Photography Gear Rundown: What’s In My Bag

First off, thanks for all your kind comments regarding my photography lately. 

It’s super encouraging to hear people responding to your work in a positive way, and it’s definitely motivation to keep putting images out there. Many of you have been asking about the gear I use, so this post is for you. Hopefully, learning about my set up, and how/why I use the equipment I do, can help you navigate your own purchases.

But, first, a disclaimer! This list is by no means what you need to take a “good” photo nor is it anywhere close to what you could add to a fully stocked professional kit. But, it’s what I’ve accumulated slowly and it works well for what I need right now.

Let’s jump right in!

Current kit:

To purchase:


A lot of people shoot with DSLRs, and I have, too, in the past. But when I looked into investing in my own camera, I took into consideration first when and where I would be using it. Mainly, I would be using the camera when I travel, so I wanted something light, packable, and easy to hold as I hiked or climbed to a perfect, sometimes, hard-to-get-to shooting vantage. This is why I opted with a mirrorless camera, the Sony a7R II.

What is the difference? DSLRs—like Canons or Nikons—are pretty big due to the fact that, well, it has more guts. There are more mechanisms inside—like a mirror and its housing for example—which the body has to accommodate for, resulting in a larger and heavier product than the mirrorless. Some photography conspiracy theorists also say that another reason they’re larger is that companies think bigger cameras sell better, due to the consumer mindset that a bigger investment should equal a bigger camera should equal better images.

That’s just not true.

While DSLRs are perfect for a lot of people, (especially if you’re not packing a bag based on weight or are set up in a studio or something similar) you’re seeing a surge in the use of mirrorless cameras due to the smaller size, lightweight body and the fact that it can shoot just as good, if not better, than any DSLR out there. All of my favorite photographers shoot with either mirrorless only or a combo kit of mirrorless and DSLR, depending on the occasion.


Lenses—aka glass—can get really expensive but are so important. The lens you use should be based on the type of shot you want. For example, if you shoot mostly landscapes, you’re going to want to invest in a wide-angle lens like the 16-35mm f/4 lens I use and listed above. If you shoot portraits, you’d invest in a lens with a focal length geared towards that, like the Sony 55mm F1.8 prime lens I mentioned earlier.

Lots of people who are just getting started will invest in a camera kit that comes with a box lens and a few other things that sweeten the deal. That’s absolutely okay, but if you can make it work in your budget, I recommend buying the camera body separately and invest in a quality lens that will be best for the subject matter you’re shooting.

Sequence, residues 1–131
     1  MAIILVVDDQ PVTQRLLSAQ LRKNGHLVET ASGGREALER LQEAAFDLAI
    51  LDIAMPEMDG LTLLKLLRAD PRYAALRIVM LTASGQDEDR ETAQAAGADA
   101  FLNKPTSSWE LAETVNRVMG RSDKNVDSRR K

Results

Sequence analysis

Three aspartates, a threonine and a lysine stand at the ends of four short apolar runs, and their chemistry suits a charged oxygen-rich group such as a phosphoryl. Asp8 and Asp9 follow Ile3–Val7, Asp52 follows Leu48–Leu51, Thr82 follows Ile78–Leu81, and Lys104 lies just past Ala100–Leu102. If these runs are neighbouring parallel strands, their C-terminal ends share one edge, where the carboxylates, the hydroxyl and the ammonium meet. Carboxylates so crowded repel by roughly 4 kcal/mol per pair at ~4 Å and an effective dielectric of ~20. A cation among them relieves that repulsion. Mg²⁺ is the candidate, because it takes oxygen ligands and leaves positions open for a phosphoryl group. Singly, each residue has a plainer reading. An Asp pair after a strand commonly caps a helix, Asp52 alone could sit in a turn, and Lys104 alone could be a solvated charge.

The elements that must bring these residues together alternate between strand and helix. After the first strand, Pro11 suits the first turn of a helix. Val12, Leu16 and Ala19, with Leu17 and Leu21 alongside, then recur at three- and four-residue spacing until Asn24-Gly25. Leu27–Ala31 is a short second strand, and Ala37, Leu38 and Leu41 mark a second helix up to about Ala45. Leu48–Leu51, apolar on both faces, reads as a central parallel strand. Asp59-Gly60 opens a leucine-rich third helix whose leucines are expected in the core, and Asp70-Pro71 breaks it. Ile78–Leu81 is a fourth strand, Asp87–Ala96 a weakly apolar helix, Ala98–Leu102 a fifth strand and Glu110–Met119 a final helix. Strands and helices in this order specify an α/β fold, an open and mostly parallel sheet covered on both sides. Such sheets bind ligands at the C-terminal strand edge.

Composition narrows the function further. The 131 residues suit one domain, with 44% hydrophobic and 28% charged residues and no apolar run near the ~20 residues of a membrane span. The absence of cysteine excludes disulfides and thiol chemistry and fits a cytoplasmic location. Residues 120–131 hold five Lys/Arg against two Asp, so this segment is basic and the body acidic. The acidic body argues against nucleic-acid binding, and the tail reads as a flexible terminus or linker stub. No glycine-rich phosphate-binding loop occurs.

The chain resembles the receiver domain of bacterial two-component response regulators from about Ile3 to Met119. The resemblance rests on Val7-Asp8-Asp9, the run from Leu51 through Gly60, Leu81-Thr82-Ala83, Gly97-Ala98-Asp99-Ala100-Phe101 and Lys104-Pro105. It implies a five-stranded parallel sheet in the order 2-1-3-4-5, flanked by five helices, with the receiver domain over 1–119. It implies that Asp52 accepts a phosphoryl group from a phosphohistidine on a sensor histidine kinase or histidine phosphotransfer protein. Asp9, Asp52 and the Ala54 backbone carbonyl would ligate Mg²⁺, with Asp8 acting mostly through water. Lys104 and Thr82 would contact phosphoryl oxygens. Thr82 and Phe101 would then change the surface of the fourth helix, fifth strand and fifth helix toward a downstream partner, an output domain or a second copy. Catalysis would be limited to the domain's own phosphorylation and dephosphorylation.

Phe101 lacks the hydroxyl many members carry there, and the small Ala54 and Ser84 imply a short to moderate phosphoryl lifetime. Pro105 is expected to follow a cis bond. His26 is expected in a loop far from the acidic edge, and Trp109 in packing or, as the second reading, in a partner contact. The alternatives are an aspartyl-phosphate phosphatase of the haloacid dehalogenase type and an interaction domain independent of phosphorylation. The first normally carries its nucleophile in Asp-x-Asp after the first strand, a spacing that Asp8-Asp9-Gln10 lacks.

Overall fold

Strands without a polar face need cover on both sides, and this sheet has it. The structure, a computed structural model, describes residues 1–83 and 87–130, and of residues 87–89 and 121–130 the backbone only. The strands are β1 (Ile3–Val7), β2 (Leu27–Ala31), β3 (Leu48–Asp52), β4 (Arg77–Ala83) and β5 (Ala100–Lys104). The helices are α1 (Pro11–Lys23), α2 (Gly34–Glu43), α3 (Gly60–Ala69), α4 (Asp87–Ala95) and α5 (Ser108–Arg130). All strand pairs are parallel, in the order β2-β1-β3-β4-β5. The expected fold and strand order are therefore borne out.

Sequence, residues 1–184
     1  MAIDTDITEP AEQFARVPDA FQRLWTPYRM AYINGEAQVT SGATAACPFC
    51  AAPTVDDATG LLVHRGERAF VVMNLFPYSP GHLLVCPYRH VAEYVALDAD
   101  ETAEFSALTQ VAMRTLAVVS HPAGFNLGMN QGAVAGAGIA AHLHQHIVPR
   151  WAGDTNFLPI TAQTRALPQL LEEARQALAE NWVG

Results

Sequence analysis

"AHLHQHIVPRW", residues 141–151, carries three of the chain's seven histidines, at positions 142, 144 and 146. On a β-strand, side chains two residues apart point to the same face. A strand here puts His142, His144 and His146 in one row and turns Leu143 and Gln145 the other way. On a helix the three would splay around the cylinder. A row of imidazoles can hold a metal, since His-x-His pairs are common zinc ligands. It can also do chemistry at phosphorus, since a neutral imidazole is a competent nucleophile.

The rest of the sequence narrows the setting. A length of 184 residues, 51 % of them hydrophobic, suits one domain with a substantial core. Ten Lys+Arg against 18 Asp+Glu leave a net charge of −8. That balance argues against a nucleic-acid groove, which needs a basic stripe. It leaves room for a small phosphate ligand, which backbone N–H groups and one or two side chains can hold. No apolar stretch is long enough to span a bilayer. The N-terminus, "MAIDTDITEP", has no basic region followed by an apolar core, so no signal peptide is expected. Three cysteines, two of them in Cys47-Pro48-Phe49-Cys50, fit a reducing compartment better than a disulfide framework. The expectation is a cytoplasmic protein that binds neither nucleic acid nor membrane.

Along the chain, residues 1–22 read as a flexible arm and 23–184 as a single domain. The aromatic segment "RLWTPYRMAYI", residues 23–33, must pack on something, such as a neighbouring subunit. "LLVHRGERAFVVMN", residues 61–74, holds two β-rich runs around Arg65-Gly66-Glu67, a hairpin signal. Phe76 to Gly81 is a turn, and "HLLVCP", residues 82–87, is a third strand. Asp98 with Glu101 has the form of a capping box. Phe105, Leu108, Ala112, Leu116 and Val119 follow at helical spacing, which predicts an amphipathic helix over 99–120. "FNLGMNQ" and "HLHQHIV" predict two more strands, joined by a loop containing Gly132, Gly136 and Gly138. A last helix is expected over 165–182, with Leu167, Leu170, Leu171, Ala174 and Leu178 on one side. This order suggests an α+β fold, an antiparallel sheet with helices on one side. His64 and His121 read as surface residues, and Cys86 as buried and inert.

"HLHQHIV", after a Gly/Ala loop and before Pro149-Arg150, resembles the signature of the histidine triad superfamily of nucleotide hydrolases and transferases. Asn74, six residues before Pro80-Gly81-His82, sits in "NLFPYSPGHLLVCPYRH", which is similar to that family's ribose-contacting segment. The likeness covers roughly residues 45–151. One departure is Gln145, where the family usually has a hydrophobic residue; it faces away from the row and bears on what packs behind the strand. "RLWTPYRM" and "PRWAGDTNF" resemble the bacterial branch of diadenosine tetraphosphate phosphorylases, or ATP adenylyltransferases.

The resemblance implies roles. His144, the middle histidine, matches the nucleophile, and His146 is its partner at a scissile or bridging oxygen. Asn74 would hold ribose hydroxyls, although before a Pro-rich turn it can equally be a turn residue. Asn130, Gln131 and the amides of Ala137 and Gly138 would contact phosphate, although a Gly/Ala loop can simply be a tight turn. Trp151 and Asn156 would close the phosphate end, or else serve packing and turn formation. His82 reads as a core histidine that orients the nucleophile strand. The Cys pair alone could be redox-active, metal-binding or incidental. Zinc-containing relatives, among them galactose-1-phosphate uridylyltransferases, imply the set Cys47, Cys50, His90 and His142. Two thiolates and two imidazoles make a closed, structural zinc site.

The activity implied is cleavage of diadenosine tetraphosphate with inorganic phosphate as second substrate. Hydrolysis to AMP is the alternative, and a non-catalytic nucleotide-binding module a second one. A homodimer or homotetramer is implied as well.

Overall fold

Picking out a tripod should be based a lot on what I talked about with the camera. Where are you using it? Do you need to pack and unpack it regularly or will it be living in a studio? How heavy is your camera/lens combo that it needs to support? Will you be panning or moving the camera while anchored to the tripod? How tall are you? What’s your budget?

For me, again, it was all about transportability. The MeFoto Carbon Fiber Roadtrip tripod was the best all-around answer for me to the questions above. 


Again, here’s a reoccurring theme with the portability. Dji has the best suite of entry level drones out there, in my opinion, starting with the Phantom then the Mavic Pro then the Mavic Air (which was just released on 1/28!) We (Laura mainly) has been using the Mavic Pro since Christmas, and we are loving it so much we named it Kevin. That’s right. Kevin.

Editing Software

Today, I think there’s more interest in photography than ever before, really due to the accessibility of social media. You get instant feedback on your images and are able to consume a lot of content by a variety of awesome photographers really quickly—especially on Instagram.

But, there’s more to great photographs than just taking the shot. A lot of it is in the editing. A lot of it is in the actual showing up (sunrise isn’t easy for a lot of folks, myself included!) I’m not talking about severe photoshopping, but the right corrections can take a viewer from just looking at a view to actually experiencing it—almost as closely as you did in the moment you were there. That’s the goal.

I use Lightroom to do 90% of my adjustments and use Photoshop 10% of the time if I’m going to spend a little more time on it. I also have a MacBook Pro that I bring along with me on trips to do any light touch up work on the road. Everything else I edit on a Mac desktop in my home office… the bigger screen is helpful!

I don’t really consider myself a photographer in my heart of hearts. I know, like many of you, I enjoy it. Learning about both the technical and artistic possibilities of a photo is very satisfying for me. But, it’s not as easy (or cheap!) as picking up a pen and writing, or rearranging a room. I have to work at it a little more, and maybe that’s exactly why I enjoy it so much.

Another Disclaimer! Some of the links used above are affiliate links, which essentially means if you place an order through those links, I get a teeny percentage of the order amount  (this won’t cost you any extra, it just helps support my blog and the habitthank you!). This is not a sponsored post; all opinions are my own.

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